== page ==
We live in an exciting era of discovery, and I aimed to present this and use it to give the viewer an appreciation of the physics involved. These are detection techniques that we have worked to develop and it is exciting to see that our first discoveries are only the beginning!

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Spyridon Michalakis wrote on Sep. 6, 2014 @ 18:13 GMT
Hi Kevin,

I loved watching your video! Your enthusiasm was clear from your voice. I look forward to continuing our discussion about metaphysics next time we meet.

Cheers,

Spiros

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Member Kevin H Knuth replied on Sep. 11, 2014 @ 05:48 GMT
Hi Spiros! Thank you so much!

I thoroughly enjoyed our fireside discussions in Puerto Rico! We live in an amazing universe, and I hope it brings us together again soon.

Thanks again!

Kevin

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Member Tejinder Pal Singh wrote on Sep. 6, 2014 @ 22:01 GMT
Hi. Beautifully done! Very innovative, informative and precise.

Regards,

Tejinder

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Member Kevin H Knuth replied on Sep. 11, 2014 @ 05:48 GMT
Thank you very much Tejinder!

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Cristinel Stoica wrote on Sep. 9, 2014 @ 13:27 GMT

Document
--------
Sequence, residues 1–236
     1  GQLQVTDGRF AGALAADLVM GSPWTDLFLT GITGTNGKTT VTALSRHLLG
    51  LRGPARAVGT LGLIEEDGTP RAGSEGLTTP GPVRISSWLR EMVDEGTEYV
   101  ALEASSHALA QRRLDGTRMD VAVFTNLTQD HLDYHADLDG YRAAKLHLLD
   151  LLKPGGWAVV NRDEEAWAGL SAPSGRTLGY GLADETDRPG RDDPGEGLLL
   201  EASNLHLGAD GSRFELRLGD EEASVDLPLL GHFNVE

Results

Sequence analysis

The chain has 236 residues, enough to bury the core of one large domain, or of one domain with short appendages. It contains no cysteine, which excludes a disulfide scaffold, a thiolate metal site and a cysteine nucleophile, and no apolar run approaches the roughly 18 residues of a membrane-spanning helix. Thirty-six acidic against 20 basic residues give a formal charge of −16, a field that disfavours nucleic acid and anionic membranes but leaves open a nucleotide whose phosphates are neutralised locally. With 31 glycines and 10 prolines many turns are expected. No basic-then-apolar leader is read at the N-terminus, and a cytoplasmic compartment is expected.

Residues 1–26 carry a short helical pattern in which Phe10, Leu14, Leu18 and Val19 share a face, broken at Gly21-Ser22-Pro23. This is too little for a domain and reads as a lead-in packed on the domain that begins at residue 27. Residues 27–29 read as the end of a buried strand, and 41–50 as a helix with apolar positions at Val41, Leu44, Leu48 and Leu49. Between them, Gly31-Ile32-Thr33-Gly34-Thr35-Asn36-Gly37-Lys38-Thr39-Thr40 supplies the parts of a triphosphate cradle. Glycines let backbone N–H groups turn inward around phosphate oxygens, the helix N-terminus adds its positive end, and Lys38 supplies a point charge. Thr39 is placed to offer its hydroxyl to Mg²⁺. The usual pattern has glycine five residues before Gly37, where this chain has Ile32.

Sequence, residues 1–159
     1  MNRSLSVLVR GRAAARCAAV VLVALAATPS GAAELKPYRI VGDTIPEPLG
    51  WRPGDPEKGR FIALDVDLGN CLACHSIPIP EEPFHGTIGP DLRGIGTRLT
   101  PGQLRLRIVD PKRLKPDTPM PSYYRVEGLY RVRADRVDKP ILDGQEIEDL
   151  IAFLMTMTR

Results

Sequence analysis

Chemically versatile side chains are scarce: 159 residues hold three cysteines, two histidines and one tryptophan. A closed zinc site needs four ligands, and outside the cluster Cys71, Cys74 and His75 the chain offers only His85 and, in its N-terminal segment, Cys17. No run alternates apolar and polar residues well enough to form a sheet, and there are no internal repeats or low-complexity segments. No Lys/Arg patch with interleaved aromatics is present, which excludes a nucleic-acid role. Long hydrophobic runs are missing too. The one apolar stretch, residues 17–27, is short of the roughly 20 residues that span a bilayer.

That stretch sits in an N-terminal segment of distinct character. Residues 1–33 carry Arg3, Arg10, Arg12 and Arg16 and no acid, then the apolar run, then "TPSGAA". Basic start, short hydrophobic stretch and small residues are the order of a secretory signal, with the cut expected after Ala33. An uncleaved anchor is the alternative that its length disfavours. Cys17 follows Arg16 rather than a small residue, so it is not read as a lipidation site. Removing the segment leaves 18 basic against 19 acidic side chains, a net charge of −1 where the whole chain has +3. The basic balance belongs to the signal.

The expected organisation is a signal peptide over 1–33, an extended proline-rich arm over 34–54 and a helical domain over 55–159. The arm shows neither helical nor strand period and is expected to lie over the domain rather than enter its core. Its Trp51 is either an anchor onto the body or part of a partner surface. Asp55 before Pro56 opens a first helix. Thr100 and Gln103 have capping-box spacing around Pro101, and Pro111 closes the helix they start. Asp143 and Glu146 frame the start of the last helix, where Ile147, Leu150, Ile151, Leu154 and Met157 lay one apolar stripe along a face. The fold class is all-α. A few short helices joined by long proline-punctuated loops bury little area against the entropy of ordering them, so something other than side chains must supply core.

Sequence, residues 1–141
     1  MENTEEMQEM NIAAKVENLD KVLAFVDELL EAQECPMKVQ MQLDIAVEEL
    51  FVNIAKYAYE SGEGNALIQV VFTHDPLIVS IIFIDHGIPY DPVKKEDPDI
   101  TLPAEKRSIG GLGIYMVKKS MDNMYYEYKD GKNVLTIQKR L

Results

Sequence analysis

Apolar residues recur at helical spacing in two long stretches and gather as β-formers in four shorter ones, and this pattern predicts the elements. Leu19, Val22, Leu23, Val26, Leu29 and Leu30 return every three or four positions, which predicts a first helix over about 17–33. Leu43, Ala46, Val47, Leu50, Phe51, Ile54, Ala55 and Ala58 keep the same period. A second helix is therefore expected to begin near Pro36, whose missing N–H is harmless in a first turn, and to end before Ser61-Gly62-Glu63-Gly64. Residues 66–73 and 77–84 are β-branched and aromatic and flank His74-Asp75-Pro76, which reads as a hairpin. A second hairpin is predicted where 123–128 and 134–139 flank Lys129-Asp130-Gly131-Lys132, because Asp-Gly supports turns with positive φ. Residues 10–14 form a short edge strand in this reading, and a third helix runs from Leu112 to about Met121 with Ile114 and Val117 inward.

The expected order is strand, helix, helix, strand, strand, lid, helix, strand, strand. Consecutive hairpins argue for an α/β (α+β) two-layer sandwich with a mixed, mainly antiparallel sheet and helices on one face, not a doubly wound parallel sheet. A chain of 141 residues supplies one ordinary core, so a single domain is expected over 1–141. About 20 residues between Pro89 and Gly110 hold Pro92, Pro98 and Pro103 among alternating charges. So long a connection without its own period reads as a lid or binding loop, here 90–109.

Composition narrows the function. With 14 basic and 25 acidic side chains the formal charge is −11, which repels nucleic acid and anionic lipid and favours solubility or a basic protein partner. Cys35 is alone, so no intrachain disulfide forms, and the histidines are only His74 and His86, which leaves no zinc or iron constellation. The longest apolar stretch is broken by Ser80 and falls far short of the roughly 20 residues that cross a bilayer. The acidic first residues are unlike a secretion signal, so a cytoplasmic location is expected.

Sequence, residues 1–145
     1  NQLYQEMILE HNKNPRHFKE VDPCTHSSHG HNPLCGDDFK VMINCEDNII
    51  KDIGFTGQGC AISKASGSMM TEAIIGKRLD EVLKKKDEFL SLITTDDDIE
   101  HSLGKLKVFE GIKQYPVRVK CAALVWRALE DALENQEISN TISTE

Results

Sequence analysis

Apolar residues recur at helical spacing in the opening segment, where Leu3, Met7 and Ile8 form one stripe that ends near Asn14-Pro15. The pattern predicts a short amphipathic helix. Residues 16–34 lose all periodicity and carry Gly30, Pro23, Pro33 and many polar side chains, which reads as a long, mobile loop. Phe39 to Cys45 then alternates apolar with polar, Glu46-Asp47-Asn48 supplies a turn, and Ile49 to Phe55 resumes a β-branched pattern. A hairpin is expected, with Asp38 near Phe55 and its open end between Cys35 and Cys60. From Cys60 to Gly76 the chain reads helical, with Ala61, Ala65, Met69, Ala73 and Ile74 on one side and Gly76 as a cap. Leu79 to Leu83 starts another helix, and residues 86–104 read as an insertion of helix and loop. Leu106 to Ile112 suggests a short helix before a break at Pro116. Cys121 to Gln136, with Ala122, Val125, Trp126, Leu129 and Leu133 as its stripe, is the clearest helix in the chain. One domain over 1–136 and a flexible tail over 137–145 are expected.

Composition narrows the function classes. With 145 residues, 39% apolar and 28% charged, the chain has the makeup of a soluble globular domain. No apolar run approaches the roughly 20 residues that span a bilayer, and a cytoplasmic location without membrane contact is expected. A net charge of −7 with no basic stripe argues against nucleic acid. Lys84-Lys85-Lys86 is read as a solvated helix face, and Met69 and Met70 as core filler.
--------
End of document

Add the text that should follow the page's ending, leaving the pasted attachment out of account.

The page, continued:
Dear Kevin,

I enjoyed very much this video, which is well done and clear. I was amazed to learn how, once you know what to look for, we can find planets orbiting other stars. If you have time, I would appreciate if you will watch and rate my videos The puzzle of quantum reality and Can a black hole keep a secret?.

Best regads,

Cristi

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Member Kevin H Knuth replied on Sep. 11, 2014 @ 05:50 GMT
Hi Cristi!

Thank you so much!

I really enjoyed your video on quantum reality. I will take a look at your relativity video next.

Cheers

Kevin

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Jonathan J. Dickau wrote on Sep. 12, 2014 @ 04:37 GMT
I enjoyed this video Kevin,

It was informative, and thoughtfully well presented. The narration was good for the most part, but you could set the tone better at the beginning. It was well-produced, otherwise - and most importantly, it gets your point across. A great way to highlight your group's research.

I get up to Albany frequently, and might enjoy dropping by the University Physics department for a chat some time, if you are up for it. In the meanwhile; I hope you'll get to check out my video on the importance of the Mandelbrot Set to Physics.

All the Best,

Jonathan

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Raghottam Manoj Sattigeri wrote on Sep. 23, 2014 @ 13:20 GMT
Great job here...

Please go through my video also and rate it and give me your valuable suggestions... The topic of my video is - PHYSICS THE ODYSSEY...

Regards

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Jonathan J. Dickau wrote on Sep. 26, 2014 @ 00:51 GMT
I am hoping you will have time to rate and comment on my video..

Can the Mandelbrot Set help us understand the Cosmos?

Regards,

Jonathan